Morning Report: Trust in government is at a record low 7/5/16

Markets are lower this morning as bond yields push lower globally. Bonds and MBS are up, with the 10 year trading below 1.4%. The German Bund now yields negative 16 basis points.

We have a short week, but a lot of data. The biggest events will be the FOMC minutes on Wednesday and the jobs report on Friday. Given the Brexit backdrop, I see the FOMC minutes as a nonevent, and the jobs report shouldn’t be market moving unless wage inflation accelerates.

This morning, the ISM New York Index rose from 37.2 to 45.4. Still, a reading below 50 is indicative of a slowing economy.

Economic Optimism slipped in July to 45.5 from 48.2 a month ago.

Factory Orders fell 1% in May after increasing 1.8% in April. Durable Goods orders fell 2.3% while capital goods orders, which is a proxy for business capital expenditures, fell 0.3%.

Last week stocks rallied as it looks like Brexit didn’t trigger a financial crisis. Bonds continued their march higher and yield curves flattened, which is a recessionary pattern. Generally speaking, when the stock market and the bond market disagree, the bond market is usually right. That said, Italy is injecting more capital into its weak banking system, but that issue predates Brexit.

Speaking of Italy, they may be the next one out of the EU, as they have issues with their banks and cannot come to the aid of banks without giving investors a haircut according to EU rules. Since about half of Italian bank debt is held by ordinary Italians, no politician wants to suggest that investors lose money on a bailout. Plus their debt to GDP ratio is 1.3x, which gives them little maneuvering room.

Brexit and the rise of Donald Trump are symptoms of a bigger problem: a lack of trust in government and institutions like the media. Some say we need to learn to trust the government. Other say we need to push Facebook to use its algorithms in order to show opposing viewpoints more often. Bottom line, we are more polarized than ever before, and no matter who wins in November, gridlock will be the name of the game. Both parties are focused on one thing: a potential 3 or 4 Supreme Court nominees, which would ideologically skew the Court for a generation.

Home prices rose 5.9% in May, according to Corelogic.

Loan performance increased in the first quarter, according to the OCC. Performing loans are up 0.7% YOY, while foreclosures have declined to 0.4% to 0.9%.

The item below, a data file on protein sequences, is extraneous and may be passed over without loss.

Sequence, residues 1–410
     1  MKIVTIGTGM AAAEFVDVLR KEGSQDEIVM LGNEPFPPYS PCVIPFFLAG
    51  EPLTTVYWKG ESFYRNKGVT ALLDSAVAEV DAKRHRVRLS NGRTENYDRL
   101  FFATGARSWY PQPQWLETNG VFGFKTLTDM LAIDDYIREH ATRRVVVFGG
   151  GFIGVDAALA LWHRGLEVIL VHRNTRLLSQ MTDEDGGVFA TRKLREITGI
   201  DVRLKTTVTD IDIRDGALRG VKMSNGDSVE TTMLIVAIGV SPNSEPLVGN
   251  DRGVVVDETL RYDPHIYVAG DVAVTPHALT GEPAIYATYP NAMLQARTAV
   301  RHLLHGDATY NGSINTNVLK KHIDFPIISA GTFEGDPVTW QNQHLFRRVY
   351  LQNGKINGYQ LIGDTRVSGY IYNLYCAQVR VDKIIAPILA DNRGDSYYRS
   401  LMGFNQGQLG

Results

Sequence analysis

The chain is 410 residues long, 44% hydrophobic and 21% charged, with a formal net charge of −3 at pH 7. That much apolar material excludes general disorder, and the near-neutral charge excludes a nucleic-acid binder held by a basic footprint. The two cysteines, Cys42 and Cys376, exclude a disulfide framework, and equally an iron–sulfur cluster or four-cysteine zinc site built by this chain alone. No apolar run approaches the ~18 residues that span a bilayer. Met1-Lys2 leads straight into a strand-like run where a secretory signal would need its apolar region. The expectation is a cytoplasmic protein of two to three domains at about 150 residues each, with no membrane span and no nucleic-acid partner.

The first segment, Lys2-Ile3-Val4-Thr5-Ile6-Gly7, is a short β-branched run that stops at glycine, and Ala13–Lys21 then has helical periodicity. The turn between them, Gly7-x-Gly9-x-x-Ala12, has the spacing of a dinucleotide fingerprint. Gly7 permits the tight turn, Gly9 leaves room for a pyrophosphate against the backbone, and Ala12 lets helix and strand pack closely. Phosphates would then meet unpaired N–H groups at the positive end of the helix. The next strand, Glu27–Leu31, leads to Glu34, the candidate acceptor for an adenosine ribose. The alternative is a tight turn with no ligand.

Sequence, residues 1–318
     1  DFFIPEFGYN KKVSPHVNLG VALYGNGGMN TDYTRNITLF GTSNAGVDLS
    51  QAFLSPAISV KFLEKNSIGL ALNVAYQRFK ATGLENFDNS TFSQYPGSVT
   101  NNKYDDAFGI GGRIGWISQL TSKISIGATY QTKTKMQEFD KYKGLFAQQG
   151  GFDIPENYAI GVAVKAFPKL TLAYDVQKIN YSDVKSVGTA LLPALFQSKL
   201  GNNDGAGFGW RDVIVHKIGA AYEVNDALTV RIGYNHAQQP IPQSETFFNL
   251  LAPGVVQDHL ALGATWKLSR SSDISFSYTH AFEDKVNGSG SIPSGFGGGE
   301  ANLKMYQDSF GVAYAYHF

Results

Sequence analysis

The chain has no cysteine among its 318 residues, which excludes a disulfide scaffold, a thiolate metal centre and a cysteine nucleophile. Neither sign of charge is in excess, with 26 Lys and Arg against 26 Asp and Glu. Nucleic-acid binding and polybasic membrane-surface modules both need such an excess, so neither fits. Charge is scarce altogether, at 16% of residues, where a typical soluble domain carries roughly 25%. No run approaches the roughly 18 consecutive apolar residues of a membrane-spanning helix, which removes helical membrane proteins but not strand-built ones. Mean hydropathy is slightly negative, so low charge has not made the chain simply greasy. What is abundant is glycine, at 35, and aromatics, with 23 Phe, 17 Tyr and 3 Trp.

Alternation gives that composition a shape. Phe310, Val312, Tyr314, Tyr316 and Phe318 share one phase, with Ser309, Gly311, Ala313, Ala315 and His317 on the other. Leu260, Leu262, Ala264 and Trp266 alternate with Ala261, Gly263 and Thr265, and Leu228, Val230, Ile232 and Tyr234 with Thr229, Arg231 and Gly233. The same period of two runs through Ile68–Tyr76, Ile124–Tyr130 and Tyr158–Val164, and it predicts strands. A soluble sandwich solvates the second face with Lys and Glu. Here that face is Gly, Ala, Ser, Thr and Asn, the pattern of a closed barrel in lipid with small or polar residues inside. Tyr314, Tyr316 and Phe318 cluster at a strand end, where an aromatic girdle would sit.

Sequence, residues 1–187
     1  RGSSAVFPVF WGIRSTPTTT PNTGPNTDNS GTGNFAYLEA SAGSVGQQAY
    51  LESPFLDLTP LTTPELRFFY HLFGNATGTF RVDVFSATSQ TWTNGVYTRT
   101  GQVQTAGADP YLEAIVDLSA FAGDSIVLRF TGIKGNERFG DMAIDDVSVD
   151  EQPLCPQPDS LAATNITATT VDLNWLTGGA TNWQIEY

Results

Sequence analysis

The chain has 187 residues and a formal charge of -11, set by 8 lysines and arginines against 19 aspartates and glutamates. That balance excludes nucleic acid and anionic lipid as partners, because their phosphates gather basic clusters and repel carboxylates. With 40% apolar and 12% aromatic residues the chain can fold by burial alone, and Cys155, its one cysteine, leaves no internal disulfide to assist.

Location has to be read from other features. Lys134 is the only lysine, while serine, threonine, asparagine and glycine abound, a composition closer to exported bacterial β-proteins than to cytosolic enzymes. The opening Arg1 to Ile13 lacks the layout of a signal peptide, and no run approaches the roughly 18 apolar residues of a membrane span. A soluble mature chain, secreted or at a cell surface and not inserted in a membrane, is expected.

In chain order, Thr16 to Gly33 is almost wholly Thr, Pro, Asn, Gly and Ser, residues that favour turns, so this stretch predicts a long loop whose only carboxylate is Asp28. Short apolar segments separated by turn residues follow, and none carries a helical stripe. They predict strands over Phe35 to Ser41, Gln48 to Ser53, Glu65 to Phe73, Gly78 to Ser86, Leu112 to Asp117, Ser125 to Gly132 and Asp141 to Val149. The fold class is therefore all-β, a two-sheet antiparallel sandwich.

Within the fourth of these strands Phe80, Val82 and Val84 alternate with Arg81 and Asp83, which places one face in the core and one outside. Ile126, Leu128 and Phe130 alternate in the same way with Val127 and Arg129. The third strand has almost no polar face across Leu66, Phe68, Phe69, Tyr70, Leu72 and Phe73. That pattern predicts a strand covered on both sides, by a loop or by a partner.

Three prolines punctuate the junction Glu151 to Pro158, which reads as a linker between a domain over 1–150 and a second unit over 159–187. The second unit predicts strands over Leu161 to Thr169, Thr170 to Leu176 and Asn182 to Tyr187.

53 Responses

  1. Frist!

    And people should not trust their government. That’s a very healthy instinct. Good news!


  2. Heh.

    Liked by 1 person

    • This seems so minor in the pantheon of why not to trust government, it hardly registers for me. Of course, I never expect partisans on the same side to seriously prosecute each other, unless it’s purely for show.


  3. Double heh.

    Liked by 1 person

    • Which to me is a reflection on, if not the morality, than certainly the rational capacities or collective intelligence of those in charge. So, should I trust that intelligence? Should I trust their reason over my own? I don’t believe that I should, as I have seen nor heard any compelling evidence that they are smarter than me or more knowledgable or, if they are more knowledgeable, that that additional knowledge in any way improves their decision-making faculties.


  4. “Some say we need to learn to trust the government”

    This is just stupid. You should only trust what you can verify. How is it scientific or logical or rational to trust people you don’t know and know very little of who do not know you and work in a system that has no incentives for them to be trustworthy or to look out for your best interest without independent verification?

    You should not “trust” the media. You should not “trust” the government. Believe what you can verify, preferably from multiple vectors.

    Trust them to act in their own interests. You can trust that.


    • Actually that article was just a liberal wish-list… Raise taxes, increase spending, target inequality, override local zoning laws, more early childhood care, blah blah blah…

      People will trust the government if you social engineer the piss out of them and give them free shit…


  5. ” Both parties are focused on one thing: a potential 3 or 4 Supreme Court nominees, which would ideologically skew the Court for a generation.”

    I appreciate the optimism of the right, I suppose, but I see no way we aren’t going to lose the court entirely and horribly. Congress either needs to step out and start providing a check-and-balance to the court, or the next 30 years will be a non-stop wish list of of leftism benevolently imposed by an enlightened court.


  6. Triple heh.


  7. And she beats the rap. Figured there would be no prosecution of HRC, but I am surprised that all the aides skated.


  8. Democrats operate under a different set of laws…


    • it’s good to be the King

      Liked by 1 person